Life Without Curry
Nov. 25, 2009
By Anthony Oliva III
On November 14, Davidson opened its season against then-No. 10 Butler – a mid major team that, much like Davidson did in 2008, could turn heads on the national stage.
On that same night, less than 300 miles away in Milwaukee, the player that put Davidson on the map that year was up to his old tricks - but in a different uniform.
In front of 6,713 fans in Butler’s Hinkle Fieldhouse, Davidson played an inspired first half only to succumb to Butler, 73-62.
And to the north, playing for the Golden State Warriors in front of nearly 15,000 people in the Bradley Center, former Davidson star Stephen Curry was vintage. He scored 14 points on 6-for-9 shooting from the field, including making his only two attempts from 3-point range. In fact, if you watched enough of his college highlights, you could be convinced he never missed one from there.
And it was on this night that Davidson got its first real taste of life without their superstar. Their folk hero. The player that took the program to levels it has never seen before. The player that with every arching swish made Davidson, the loveable underdog, a household name as it got within one win of the Final Four two seasons ago. And, the player that had the ability to not only lead nation in scoring, but to singlehandedly give the Wildcats a chance to win any game they played.
“He put Davidson on the national map and how many players can do that for a mid major program,” Davidson Head Coach Bob McKillop said. “Larry Bird did that for Indiana State back in the 70s. A host of players did that for Gonzaga. A number of players did that for Southern Illinois and Butler. Even when George Mason had that magnificent run, they didn’t have one guy that put them on the map. But here, it was Davidson and one player - with and a group of teammates. But it was his face that was the face of the program.”
Curry’s impact goes far beyond stats, but his numbers are staggering. Last year, the lanky sharpshooter averaged 28.6 points per game, tops in Division I. He also led the SoCon with 5.6 assists and was second in the conference with 2.5 steals per game. In his three- year career, he won 85 games and went to two NCAA Tournaments and one NIT.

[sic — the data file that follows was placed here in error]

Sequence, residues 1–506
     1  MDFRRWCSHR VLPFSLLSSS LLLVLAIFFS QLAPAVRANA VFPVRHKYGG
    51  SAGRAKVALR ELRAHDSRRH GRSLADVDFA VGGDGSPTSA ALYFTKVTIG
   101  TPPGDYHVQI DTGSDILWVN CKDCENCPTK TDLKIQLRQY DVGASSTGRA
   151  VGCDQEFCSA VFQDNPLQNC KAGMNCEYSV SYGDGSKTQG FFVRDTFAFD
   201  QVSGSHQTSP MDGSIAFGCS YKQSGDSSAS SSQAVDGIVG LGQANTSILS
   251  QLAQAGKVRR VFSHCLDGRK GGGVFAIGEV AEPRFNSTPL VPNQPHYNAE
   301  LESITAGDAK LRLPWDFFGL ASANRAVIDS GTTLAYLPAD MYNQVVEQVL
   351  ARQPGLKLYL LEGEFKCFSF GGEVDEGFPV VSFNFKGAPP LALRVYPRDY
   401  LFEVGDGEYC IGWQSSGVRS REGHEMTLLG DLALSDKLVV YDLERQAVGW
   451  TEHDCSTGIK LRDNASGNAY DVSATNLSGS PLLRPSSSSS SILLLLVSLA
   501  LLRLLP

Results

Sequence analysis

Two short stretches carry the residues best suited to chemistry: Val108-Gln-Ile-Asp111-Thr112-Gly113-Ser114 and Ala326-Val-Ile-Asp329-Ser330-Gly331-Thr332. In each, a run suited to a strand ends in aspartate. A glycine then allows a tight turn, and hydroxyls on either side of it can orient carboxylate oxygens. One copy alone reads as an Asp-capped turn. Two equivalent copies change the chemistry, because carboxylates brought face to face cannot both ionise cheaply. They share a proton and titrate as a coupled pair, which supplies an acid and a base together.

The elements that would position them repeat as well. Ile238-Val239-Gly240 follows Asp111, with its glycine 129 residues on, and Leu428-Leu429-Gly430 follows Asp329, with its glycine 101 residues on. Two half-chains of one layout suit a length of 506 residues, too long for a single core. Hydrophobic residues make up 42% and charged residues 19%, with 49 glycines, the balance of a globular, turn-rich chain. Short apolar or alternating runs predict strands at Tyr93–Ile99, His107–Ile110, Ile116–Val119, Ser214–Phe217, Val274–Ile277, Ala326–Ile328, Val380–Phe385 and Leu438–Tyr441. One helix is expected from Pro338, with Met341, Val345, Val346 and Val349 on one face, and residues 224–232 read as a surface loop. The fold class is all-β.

“He’s probably the best player I ever played with or against,” senior Will Archambault said. “A great shooter. A great friend. It was just a great experience playing with him.”
Davidson, naturally, has missed this once-in-a-generation player in its lineup. After the loss to Butler, the Wildcats lost three in a row in the Charleston Classic, including a two-point loss to defending NIT champion Penn State.
If the loss of the Curry wasn’t enough, Davidson also graduated its leading rebounder, Andrew Lovedale, and last year’s SoCon’s Defensive Player of the Year, Max Paulhus Gosselin. Both were integral parts to the team, but Curry is irreplaceable one. The 185-pounder left giant-sized shoes to fill, and with all the losses, it’s conceivable that a mid-major team could get caught in the nostalgia of its magical era.
“You have to move on,” Archambault said. “You can’t dwell on it.”
Learning to deal with setbacks is a mindset that has fittingly translated to the court for the Wildcats.
“One of our main sayings or mottos is ‘next play’,” junior guard Brendan McKillop said. “You make a mistake or you make a turnover, you can’t dwell on it. You just have to go on to the next play. That’s been one of the main things we’ve been harping on this year.”